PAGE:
Portland take down Austin: Felipe Mora and Evander found the net for the Timbers as Portland picked up a key road win at Q2 Stadium. The Timbers are now ninth in the West with a one-point advantage on Sporting KC and Dallas. They’ve earned 10 points from their last four games.
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As the Audi 2023 MLS Cup Playoffs get closer, the big question is always whether or not a team can win MLS Cup. Most contenders generally have clear fatal flaws, though. Sometimes they learn how to overcome those at just the right time, but it’s normal to see those issues come back to bite teams in the end. These flaws basically boil down to: Do you have match winners? And do you have the ability to manage games in a game with playoff-level intensity?
If you’ve got one of those things, you’ve got a chance. If you have both of those things, you’re a favorite. Or at least a decent bet. Here’s where some Cup-run capable teams fall.
I’m on record as thinking the Lions are a great team who can absolutely win MLS Cup. I don’t want this to get twisted. I’m just saying it’s fair to ask who they’re going to turn to in their moment of need in a knockout round game. Duncan McGuire with eight non-penalty goals? Facundo Torres with seven? Martín Ojeda with six? It’s great they’re able to find goalscorers by committee, but that typically isn’t the formula for MLS Cup-winning sides.
If it feels unfair to put Philadelphia here, that’s because it’s extremely unfair to put Philadelphia here. There’s a point, though. It’s not that they don’t have match winners, it’s that they don’t have match winners of the same caliber as the league and continent’s best teams. It’s why they keep coming up short against teams like LAFC in tournaments. They know how to manage games, they have players who score in bunches, and Jose Martinez scores a banger a month now, but it’s tough to expect any particular player to carry this team when they need it. Again, definitely harsh. But they’ve yet to beat the very, very best.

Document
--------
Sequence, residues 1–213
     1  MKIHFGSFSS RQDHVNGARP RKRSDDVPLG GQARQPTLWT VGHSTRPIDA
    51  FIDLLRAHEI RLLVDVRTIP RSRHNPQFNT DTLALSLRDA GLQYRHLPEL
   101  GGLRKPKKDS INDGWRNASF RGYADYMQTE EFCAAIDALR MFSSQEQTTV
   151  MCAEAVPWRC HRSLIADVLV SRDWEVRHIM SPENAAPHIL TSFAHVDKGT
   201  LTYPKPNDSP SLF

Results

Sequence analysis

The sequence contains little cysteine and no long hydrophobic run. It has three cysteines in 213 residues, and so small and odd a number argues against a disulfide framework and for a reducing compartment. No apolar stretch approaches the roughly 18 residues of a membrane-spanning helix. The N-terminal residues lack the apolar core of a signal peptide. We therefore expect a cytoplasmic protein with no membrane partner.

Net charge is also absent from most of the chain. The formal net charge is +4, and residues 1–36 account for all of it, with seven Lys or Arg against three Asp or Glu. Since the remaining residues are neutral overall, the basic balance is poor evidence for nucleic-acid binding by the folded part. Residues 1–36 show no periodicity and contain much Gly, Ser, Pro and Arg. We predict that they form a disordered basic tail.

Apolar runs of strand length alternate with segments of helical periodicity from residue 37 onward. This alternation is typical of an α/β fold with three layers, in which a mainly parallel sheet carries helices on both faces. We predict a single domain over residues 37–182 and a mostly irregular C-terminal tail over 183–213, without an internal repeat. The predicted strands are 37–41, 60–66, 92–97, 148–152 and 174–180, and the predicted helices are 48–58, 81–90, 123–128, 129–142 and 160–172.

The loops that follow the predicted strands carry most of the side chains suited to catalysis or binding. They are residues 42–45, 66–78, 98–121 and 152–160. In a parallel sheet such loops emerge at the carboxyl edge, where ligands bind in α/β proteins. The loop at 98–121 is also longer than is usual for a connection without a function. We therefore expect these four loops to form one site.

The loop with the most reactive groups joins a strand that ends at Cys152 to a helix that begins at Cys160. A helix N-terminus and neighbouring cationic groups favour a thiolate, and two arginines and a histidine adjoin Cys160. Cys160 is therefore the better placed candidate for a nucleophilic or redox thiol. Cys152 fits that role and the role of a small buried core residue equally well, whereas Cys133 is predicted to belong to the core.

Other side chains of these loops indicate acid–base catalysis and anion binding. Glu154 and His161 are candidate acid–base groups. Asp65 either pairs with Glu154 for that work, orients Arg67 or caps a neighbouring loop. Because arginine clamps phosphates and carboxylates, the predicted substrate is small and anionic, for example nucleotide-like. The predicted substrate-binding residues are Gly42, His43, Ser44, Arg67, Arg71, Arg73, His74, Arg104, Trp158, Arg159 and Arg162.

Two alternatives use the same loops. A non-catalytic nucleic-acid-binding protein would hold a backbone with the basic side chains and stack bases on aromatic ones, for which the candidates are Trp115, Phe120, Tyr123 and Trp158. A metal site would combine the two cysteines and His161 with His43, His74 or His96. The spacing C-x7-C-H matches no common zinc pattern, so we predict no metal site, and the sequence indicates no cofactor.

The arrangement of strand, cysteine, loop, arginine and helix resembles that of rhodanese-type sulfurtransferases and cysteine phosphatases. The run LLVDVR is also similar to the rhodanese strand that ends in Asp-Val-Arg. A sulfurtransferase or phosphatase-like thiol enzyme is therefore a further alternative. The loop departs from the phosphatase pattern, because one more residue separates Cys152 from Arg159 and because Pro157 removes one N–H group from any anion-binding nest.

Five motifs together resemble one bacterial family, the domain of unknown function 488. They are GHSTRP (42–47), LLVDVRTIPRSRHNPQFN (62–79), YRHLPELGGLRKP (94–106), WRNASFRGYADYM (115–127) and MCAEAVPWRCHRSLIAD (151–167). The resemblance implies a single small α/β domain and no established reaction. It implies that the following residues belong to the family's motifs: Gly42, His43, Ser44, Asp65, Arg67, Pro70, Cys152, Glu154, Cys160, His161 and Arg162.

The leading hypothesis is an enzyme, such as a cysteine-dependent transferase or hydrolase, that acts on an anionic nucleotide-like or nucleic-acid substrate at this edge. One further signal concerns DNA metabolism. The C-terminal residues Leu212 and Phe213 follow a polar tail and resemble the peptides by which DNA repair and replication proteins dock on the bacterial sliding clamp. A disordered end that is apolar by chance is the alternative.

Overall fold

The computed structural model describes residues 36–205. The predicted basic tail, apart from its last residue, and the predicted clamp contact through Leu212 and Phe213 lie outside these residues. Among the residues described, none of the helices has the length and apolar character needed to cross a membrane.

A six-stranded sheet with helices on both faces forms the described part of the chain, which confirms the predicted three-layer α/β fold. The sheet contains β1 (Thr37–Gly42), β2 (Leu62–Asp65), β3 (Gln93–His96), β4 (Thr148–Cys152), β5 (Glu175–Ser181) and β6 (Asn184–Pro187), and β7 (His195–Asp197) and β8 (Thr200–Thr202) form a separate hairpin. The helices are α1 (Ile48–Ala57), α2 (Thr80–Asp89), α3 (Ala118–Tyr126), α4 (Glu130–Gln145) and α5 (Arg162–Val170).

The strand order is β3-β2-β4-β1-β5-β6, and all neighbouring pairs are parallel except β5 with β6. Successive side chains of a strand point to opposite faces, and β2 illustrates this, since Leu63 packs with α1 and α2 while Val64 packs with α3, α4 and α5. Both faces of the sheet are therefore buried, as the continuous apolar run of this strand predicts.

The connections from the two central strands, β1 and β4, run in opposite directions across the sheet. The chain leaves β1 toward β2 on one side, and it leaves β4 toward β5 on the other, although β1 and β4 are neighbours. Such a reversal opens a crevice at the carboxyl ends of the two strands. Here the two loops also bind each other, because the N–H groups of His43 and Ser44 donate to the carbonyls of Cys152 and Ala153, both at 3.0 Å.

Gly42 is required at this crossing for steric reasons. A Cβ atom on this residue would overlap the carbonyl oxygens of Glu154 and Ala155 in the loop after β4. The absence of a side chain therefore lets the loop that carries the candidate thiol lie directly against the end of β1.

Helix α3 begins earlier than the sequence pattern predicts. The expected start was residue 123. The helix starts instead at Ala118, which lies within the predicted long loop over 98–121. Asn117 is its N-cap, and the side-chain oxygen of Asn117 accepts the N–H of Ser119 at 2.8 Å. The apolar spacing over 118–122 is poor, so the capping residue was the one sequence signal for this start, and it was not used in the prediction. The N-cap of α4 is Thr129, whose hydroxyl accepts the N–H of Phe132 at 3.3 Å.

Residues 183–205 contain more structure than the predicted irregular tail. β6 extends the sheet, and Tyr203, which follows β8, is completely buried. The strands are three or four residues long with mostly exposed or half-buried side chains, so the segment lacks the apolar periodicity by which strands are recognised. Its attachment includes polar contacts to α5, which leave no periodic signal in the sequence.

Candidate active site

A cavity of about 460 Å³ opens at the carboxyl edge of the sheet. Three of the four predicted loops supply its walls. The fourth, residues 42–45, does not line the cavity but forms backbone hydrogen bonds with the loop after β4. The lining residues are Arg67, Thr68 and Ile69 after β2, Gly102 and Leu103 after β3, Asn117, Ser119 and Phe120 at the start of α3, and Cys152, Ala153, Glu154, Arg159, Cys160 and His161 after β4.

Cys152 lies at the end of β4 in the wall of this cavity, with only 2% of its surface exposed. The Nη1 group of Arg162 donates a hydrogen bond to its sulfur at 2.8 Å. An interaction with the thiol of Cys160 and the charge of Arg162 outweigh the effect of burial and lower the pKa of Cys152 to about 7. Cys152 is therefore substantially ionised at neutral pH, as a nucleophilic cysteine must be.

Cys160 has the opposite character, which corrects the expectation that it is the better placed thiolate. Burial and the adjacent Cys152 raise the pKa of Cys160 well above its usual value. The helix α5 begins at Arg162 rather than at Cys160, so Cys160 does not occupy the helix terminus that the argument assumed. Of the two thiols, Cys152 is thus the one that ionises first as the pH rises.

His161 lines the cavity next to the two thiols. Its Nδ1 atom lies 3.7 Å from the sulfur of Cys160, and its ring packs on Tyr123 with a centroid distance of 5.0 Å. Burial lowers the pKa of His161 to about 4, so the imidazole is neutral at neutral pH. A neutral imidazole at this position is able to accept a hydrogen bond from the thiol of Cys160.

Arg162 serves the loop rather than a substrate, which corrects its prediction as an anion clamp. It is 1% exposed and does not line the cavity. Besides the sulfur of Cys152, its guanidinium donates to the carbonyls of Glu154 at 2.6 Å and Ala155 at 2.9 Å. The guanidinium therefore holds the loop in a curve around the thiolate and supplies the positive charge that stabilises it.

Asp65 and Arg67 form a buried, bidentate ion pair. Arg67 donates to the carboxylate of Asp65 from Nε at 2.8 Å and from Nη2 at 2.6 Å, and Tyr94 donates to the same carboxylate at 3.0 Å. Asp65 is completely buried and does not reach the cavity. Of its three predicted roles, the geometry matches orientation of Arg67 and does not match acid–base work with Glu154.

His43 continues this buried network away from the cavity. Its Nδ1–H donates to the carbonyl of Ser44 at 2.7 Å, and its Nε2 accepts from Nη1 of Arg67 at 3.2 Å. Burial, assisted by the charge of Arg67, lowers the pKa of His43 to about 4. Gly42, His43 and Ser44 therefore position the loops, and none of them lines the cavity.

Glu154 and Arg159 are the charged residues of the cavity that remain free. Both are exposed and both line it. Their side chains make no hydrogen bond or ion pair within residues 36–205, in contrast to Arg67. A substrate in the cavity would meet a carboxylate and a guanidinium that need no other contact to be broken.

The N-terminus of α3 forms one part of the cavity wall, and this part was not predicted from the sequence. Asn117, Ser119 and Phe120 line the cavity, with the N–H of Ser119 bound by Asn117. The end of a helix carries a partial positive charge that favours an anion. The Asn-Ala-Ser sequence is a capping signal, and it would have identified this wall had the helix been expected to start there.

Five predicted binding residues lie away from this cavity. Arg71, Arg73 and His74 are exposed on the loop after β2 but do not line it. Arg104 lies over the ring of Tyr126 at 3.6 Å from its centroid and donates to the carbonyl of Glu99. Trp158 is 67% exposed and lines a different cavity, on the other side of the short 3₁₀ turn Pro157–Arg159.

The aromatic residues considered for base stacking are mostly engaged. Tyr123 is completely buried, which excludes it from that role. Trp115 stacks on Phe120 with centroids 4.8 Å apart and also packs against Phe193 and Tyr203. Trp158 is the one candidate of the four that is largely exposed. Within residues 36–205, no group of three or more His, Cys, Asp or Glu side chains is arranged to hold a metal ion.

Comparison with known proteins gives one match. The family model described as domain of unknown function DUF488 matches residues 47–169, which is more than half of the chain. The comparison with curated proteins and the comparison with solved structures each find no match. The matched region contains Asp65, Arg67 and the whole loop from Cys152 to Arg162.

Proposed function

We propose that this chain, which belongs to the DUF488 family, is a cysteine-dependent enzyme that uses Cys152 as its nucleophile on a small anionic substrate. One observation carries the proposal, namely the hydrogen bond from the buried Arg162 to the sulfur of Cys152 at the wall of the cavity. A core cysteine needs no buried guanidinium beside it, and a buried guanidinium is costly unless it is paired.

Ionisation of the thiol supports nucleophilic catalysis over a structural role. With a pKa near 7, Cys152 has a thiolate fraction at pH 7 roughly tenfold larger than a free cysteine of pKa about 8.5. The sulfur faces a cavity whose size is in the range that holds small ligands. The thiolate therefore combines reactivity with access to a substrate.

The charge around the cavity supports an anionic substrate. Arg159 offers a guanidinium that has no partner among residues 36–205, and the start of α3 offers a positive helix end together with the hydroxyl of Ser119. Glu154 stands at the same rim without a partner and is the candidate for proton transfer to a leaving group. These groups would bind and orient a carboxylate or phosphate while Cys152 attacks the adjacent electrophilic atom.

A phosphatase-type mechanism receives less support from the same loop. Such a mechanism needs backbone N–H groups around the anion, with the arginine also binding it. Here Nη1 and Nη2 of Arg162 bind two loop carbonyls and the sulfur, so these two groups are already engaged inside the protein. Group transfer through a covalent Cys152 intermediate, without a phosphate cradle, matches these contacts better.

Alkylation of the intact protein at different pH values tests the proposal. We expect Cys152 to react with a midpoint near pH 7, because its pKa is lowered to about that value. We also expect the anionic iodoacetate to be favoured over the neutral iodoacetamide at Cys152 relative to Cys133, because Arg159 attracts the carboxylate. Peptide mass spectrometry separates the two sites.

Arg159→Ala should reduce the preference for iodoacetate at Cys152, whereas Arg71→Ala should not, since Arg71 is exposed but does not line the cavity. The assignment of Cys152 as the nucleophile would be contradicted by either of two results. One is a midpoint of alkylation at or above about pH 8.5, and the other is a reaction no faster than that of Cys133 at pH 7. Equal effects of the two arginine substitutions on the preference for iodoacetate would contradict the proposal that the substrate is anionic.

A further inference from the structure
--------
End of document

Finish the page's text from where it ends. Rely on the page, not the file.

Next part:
Hector Herrera has been one of the best players in MLS this season, but his skill set doesn’t quite fit the definition of match winner. In a moment of need, the Dynamo aren’t looking towards HH to save the day. Their best bet is maybe… Corey Baird? Baird has seven non-penalty goals. No other Dynamo player has more than three.
Look, they’re playing great ball, but let’s just illustrate why having an elite attacking talent at the top of the roster is important. Here are the last few MLS Cup winners and their “match winners.”
- 2022 LAFC: Like the whole roster by the end of it, but Carlos Vela, Denis Bouanga, Chicho Arango and even Gareth Bale could fall into the “match winner” category.
- 2021 NYCFC: Taty Castellanos
- 2020 Columbus Crew: Lucas Zelarayan
- 2019 Seattle Sounders: Raul Ruidiaz and Nico Lodeiro
- 2018 Atlanta United: Josef Martinez and Miguel Almiron
- 2017 Toronto FC: Sebastian Giovinco and Jozy Altidore
- 2016 Seattle Sounders: It’s still not entirely clear how they pulled this off, but it probably had something to do with Nico Lodeiro and Jordan Morris
- 2015 Portland Timbers: Diego Valeri and Fanendo Adi
We’re talking about some of the best playmakers and finishers in MLS history here. It’s really tough to get the job done if you don’t have that kind of game-changing talent.
The only reason to truly be skeptical of St. Louis at this point (especially in this Western Conference) is because we don’t have any data points on what they look like in the playoffs. We do have a relatively uninspiring performance in Leagues Cup, but it’s hard to count that.
We know they have Eduard Löwen. We know they have João Klauss. We know they have Roman Bürki. We know they have the top-end talent to make a run. We just don’t know what they’re going to look like when the pressure is on.
It’s extremely weird to have LAFC in this category, but they’re developing a rep for coming up short in big games. Yes, even after winning MLS Cup last year.
In 2023, they’ve face-planted in a CCL final and bombed out of Leagues Cup after going up early on CF Monterrey. They’ve missed opportunities in big games. They have to re-earn some trust in those moments. It’s honestly hard to trust them in general right now. Yeah, they got the win against the Galaxy, but before that they dropped three in a row to Charlotte, Miami and Portland.